The Mall of America has given up its claim to restitution in the Black Lives Matter protest case, but that’s not a sign that the mall wants the case dropped, Bloomington City Attorney Sandra Johnson said Wednesday.

“This has nothing to do with the prosecutions themselves,” Johnson said. “To make it very clear, this is not pressuring the city to drop the charges or to do anything else with respect to the current prosecution.”

The mall had previously indicated it would seek roughly $40,000 in restitution for additional security and other costs arising from the Black Lives Matter protest in the mall rotunda on Dec. 20. Johnson said Bloomington is still likely to seek restitution for its own additional police costs. Restitution could be awarded at the judge’s discretion if the protesters are convicted.

In a statement, the mall said the case “should continue to focus on the property rights of a landowner. MOA does not want a potential restitution claim distracting from that point. The decisions of if and how to prosecute this case have been, and remain exclusively with, the city of Bloomington.”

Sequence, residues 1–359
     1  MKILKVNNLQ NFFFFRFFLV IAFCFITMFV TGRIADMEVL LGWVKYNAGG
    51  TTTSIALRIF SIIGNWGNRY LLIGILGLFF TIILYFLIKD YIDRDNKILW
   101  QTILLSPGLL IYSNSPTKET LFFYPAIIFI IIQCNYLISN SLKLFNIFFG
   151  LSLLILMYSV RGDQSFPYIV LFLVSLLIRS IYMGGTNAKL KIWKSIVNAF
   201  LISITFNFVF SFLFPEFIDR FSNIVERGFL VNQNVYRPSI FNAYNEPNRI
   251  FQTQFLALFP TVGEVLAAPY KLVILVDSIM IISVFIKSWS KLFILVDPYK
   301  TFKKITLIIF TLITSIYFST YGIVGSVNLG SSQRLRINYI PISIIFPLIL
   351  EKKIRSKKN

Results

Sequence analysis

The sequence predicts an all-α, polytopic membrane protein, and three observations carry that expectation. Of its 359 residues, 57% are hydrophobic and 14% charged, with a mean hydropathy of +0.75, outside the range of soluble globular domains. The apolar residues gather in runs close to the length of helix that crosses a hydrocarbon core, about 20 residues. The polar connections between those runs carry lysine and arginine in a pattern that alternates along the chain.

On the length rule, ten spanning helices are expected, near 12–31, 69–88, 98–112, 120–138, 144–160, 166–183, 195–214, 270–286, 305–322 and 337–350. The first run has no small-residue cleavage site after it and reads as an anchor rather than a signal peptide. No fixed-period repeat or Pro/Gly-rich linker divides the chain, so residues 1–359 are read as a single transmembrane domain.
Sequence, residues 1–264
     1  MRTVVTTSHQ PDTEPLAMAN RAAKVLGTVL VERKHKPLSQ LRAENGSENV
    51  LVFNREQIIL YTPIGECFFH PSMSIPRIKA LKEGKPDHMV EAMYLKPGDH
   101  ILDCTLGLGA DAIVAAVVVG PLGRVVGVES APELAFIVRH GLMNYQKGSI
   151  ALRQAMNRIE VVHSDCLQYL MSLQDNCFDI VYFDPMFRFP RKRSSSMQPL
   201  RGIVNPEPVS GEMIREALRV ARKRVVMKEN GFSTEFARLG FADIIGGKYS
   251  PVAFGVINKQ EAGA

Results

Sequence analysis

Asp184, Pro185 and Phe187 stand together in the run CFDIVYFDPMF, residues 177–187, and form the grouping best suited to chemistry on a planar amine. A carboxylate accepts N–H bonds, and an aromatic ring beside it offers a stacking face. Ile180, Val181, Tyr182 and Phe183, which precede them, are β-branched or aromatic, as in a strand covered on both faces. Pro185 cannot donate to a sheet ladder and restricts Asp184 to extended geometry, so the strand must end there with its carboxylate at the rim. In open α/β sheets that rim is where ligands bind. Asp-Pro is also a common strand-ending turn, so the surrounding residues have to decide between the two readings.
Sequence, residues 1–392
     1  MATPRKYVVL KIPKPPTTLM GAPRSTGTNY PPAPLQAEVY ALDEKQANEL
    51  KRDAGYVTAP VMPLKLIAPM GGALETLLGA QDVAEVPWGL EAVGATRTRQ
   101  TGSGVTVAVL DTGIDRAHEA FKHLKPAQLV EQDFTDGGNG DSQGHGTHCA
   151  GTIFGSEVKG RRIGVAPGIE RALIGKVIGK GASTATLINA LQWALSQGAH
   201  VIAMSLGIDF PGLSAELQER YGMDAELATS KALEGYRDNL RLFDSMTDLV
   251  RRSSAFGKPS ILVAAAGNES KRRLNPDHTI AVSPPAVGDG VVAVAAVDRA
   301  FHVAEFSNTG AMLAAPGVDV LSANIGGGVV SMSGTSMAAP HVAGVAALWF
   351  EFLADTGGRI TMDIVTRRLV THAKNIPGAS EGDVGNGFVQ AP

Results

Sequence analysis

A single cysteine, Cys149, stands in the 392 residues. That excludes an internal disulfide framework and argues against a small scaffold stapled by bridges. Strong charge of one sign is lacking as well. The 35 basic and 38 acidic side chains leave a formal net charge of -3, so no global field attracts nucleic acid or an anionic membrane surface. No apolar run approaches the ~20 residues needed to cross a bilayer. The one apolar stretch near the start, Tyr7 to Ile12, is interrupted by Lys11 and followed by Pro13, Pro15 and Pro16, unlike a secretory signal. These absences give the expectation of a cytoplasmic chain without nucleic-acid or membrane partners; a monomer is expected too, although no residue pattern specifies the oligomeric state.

Nekima Levy-Pounds, one of 11 protesters charged in the case, said Wednesday the mall has told Black Lives Matter that it will not attempt to pursue a lawsuit against the protesters after the criminal case ends, no matter the outcome. Levy-Pounds called on prosecutor Johnson to acknowledge the political implications of the case and of her decision to press forward.

“I just want her to own the fact that she has discretion,” said Levy-Pounds, a lawyer and a law professor at the University of St. Thomas. “Prosecutors never prosecute 100 percent of the cases that come before them.

“To act as if her discretion is being neutrally applied — of course there’s political influence involved,” she said. “The mall is a big business.”